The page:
Tesla has always been a "growth" company, the up-and-coming player taking on the legacy automakers. But now the company has entered a new stage of development — it's a large, mature firm, and continuing to grow requires larger amounts of capital, discipline, and focus. There was never a moment for Musk to rest on his laurels, but after 2020 Tesla started to look less like a place where Musk was constantly innovating and more like a place where Musk sourced cash to do whatever else he wanted with his life. Maybe he got bored, or maybe he got distracted — either way, Musk stopped pushing the envelope at Tesla way too early.

During the conference call, Musk had a million excuses for why this quarter was so poor — Houthi agitation in the Red Sea, an arson in Berlin, updates at the Fremont Factory. He asserted that Tesla was not a car company but rather an AI robotics company. He spoke ad nauseam about turning Tesla into a self-driving Uber service but refused to answer any questions about the Model 2. Look over here. Look over there. Pay no attention to exactly how we're going to deliver his cheaper car. Wall Street has fallen for this before, and it's becoming embarrassing that it has fallen for it again — especially at a time when Tesla and the EV market are in such a different position.

Forget growth — now the company that should have been America's EV juggernaut needs to figure out survival.

The gestures toward actually producing the Model 2 drove a post-earnings stock pop, but given Musk's years of distraction and myriad projects, shareholders should be more concerned that he may fritter away Tesla's resources on something else — whether that's an AI that can copy his voice, turning X into a dating app for libertarians, or building another vanity clown car. If the Model 2 doesn't come ASAP, it's tantamount to Tesla waving the white flag in the global EV wars for the foreseeable future. Forget growth — now the company that should have been America's EV juggernaut needs to figure out survival.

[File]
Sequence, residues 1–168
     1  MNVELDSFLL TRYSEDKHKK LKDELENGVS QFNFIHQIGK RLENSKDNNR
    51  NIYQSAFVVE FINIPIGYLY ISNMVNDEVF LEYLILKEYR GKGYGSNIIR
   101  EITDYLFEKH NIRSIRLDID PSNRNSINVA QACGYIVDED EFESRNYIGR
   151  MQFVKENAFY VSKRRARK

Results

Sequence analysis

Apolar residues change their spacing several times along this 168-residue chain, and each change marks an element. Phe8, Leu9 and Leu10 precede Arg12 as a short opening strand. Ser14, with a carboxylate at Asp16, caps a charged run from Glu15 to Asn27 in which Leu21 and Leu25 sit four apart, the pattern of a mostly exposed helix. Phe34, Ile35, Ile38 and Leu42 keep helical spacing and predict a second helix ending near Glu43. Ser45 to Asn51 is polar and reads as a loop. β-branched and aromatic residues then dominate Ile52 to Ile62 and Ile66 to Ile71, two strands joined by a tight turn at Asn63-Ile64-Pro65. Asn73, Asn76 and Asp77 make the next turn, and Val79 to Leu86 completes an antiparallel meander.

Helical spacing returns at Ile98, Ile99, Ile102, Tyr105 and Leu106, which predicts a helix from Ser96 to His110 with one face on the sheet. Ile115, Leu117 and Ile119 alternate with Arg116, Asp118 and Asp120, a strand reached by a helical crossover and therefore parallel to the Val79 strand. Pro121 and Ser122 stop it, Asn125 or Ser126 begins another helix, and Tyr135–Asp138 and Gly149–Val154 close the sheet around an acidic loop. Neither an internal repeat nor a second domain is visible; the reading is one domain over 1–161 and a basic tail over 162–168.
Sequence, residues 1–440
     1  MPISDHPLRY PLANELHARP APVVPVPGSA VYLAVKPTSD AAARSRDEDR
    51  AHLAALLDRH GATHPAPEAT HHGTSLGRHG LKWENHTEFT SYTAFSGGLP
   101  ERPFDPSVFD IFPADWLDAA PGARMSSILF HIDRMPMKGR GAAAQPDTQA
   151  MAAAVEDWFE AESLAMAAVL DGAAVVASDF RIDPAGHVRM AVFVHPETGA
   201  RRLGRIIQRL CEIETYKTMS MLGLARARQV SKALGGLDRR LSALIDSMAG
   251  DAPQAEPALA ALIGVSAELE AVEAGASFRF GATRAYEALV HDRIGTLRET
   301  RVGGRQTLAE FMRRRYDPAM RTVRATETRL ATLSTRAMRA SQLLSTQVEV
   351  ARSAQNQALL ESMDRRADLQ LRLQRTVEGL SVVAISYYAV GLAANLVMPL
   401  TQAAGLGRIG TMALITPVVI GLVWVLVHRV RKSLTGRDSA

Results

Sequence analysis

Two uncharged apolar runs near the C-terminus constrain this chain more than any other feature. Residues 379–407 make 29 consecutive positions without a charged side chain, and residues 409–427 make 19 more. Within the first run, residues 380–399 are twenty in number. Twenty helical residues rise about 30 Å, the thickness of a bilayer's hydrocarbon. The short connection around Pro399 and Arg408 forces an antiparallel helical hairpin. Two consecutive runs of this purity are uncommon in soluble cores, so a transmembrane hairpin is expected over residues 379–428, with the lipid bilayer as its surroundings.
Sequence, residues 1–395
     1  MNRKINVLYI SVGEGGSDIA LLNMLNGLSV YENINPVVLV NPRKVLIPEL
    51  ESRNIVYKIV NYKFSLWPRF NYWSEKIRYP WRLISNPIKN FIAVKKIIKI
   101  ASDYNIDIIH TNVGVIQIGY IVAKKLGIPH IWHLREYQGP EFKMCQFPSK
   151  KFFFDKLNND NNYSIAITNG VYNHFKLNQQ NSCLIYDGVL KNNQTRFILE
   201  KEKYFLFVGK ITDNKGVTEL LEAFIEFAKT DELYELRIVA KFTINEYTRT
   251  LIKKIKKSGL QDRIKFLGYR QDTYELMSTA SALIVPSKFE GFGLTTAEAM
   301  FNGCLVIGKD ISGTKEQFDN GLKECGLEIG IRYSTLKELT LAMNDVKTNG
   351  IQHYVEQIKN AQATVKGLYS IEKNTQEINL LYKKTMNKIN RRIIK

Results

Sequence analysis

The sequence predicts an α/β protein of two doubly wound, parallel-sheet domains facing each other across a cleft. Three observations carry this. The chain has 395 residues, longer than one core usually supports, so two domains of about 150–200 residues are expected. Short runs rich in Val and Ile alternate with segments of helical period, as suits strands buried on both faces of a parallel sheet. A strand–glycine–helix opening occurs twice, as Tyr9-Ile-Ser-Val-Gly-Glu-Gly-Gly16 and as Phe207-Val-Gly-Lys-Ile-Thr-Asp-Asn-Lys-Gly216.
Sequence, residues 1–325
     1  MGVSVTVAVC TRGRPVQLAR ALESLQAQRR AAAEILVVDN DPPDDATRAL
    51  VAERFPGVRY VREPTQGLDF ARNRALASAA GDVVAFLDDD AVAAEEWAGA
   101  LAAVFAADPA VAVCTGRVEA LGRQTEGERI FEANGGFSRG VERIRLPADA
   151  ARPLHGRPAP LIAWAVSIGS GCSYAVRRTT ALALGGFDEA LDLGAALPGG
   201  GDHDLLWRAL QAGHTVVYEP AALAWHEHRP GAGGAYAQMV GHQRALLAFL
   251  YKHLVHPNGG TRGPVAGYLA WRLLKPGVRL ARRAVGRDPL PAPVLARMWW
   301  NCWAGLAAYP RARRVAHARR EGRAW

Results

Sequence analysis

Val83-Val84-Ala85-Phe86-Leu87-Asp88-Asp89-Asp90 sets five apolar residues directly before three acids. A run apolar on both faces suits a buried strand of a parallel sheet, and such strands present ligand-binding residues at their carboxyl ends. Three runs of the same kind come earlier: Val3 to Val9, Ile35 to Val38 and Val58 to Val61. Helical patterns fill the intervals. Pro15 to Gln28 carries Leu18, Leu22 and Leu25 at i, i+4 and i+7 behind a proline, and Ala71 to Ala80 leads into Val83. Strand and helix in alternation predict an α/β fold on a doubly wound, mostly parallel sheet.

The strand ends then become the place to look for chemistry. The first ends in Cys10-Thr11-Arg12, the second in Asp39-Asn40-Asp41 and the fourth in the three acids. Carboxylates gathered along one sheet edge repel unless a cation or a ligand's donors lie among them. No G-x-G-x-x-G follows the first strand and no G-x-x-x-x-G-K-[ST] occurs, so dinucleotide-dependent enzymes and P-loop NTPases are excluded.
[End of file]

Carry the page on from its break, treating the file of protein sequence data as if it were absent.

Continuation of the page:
When Musk entered the EV Thunderdome, Tesla was the only game in town, interest rates were at 0%, and most of the country was convinced he was Iron Man. Since then, China has become an EV power player, legacy automakers have been trying to get a cut of the action, debt has become more expensive, and half the country has started to think Musk is Lex Luthor. Things have changed, and Tesla's leadership needs to change along with them or get left behind.


Linette Lopez is a senior correspondent at Business Insider.